The Diocese of Buffalo recently asked a New York bankruptcy court to consider shortening the timeframe for child sexual abuse survivors to come forward and file claims in bankruptcy court. Right now, the claims bar date is set for August 2021, the same deadline for survivors across the state of New York to come forward under the Child Victims Act (CVA). This request from the Diocese blatantly disregards survivors’ rights and undermines the spirit and intent of the legislature when it passed and extended the CVA deadline, as well as the bankruptcy court and creditors’ committees desires to allow as many survivors to come forward as possible, in a very short period of time. Survivors have been waiting decades to finally have an opportunity to have their voices heard and find redress for the harm they suffered and continue to suffer.
The decision by the Bishop and Diocese of Buffalo to file for Chapter 11 reorganization was a legal tactic designed to silence survivors and prevent accountability for their actions and inactions over the past several decades. Now they want to blame survivors for their own ineptitude. Diocesan leadership publicly claimed that to fund operations going forward, the Diocese must further scale back support of ministries “at the expense of the faithful and of poor and underserved communities in Western New York” or spend down unrestricted assets that “might otherwise be available to a victim fund as part of a Chapter 11 plan.”
This victim-blaming and disingenuous approach to the bankruptcy proceedings is disgraceful and simply false. Unfortunately, it’s also nothing new and is one more page out of the playbook that is all too familiar to the Catholic hierarchy. The Diocese fails to self-reflect and understand that the very reason it is in this situation is because of its own decisions made by leadership and their inability to do the right thing and protect children from child-abusing priests, choosing instead to preserve their own reputation at the expense of child safety.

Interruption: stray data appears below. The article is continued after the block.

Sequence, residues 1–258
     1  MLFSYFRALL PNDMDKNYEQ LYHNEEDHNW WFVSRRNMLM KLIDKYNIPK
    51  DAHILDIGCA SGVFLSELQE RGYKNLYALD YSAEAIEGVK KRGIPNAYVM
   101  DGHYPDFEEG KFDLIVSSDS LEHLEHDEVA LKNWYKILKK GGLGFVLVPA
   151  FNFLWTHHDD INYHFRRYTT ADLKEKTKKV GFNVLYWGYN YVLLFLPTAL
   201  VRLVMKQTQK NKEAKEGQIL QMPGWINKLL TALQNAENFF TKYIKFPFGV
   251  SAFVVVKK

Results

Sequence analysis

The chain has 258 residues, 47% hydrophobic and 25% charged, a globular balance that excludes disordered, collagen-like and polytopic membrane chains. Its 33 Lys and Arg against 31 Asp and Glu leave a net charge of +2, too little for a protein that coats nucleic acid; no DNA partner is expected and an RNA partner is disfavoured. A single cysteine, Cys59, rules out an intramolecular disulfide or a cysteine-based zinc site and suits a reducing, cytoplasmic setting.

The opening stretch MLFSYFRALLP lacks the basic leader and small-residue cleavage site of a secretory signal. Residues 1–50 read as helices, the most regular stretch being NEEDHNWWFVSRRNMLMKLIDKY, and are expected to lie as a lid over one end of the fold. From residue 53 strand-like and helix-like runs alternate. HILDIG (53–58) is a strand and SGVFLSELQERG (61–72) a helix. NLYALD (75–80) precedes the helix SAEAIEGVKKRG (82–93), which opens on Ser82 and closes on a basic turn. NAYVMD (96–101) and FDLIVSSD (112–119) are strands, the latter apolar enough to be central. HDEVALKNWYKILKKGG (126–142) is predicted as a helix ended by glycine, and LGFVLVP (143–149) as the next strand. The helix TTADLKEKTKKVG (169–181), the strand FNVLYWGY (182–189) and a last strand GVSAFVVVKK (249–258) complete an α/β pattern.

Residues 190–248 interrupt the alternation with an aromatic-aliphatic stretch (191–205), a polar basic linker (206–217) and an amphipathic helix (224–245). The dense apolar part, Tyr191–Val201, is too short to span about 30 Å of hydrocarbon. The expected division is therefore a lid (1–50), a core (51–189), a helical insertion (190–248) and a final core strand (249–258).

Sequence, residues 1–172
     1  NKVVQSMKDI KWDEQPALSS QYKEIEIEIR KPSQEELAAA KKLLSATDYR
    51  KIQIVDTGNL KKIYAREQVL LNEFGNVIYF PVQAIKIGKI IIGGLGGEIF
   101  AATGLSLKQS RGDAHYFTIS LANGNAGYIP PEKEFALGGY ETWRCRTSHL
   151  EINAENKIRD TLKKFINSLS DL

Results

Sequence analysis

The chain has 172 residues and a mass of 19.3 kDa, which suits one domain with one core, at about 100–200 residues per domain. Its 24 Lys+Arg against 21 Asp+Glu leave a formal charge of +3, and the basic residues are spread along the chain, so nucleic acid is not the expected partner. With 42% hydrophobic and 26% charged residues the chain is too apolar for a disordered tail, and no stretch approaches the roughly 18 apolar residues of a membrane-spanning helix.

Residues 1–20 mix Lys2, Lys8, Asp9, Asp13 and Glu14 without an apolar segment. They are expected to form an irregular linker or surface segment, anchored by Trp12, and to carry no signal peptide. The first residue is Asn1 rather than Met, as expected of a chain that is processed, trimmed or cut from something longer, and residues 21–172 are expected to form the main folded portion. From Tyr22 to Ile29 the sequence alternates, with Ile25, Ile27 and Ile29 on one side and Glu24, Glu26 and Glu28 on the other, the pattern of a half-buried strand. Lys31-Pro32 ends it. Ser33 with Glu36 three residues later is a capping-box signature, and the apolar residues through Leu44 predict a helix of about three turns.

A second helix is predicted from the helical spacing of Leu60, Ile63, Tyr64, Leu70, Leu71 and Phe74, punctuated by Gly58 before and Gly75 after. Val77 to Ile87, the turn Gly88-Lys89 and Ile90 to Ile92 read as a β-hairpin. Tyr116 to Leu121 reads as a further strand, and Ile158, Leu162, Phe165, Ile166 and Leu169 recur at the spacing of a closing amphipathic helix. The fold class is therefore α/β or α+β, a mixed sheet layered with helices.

Over two dozen Catholic dioceses and religious orders across the United States have used federal bankruptcy court to hide their transgressions. Often, Bishops mislead the public, parishioners and the survivors who were harmed by sexually abusive priests, into thinking that if things don’t go their way, the diocese and its parishes, schools and other entities will have to shut down and that litigations costs will drain their assets leaving nothing for survivors. This is simply untrue and contradicts all of their contentions that the priority is healing for survivors.
No diocese or religious order has ever “shut down” because of bankruptcy, yet time after time, the Bishops and their lawyers have taken every opportunity to blame survivors, legislators, and the legal system for their woes, not only for allegedly causing the bankruptcy, but sometimes for the abuse itself. Take for example:
- Archbishop Bernard Hebda, Archdiocese of Saint Paul and Minneapolis – “The longer the process lasts, more money is spent on attorneys’ fees and bankruptcy expenses; and in turn, less money is available for victims/survivors.”
- Lawyers for the Diocese of Harrisburg – “If lawsuits like this are continuing or allowed to continue, really, I think every diocese in Pennsylvania will strongly consider bankruptcy and I assume many of them will go that route.”
- Bishop Robert Cunningham, former Bishop of the Diocese of Syracuse – testifying under oath, blaming a victim of sexual abuse: “The boy is culpable.”
To all survivors who have courageously come forward and shared your truth: thank you. Please take comfort. Know that it is not your fault – it’s not your fault that the abuse happened and it’s not your fault that the Catholic hierarchy, most recently in the Diocese of Buffalo, chose to blame everyone else for their faults instead of looking in the mirror.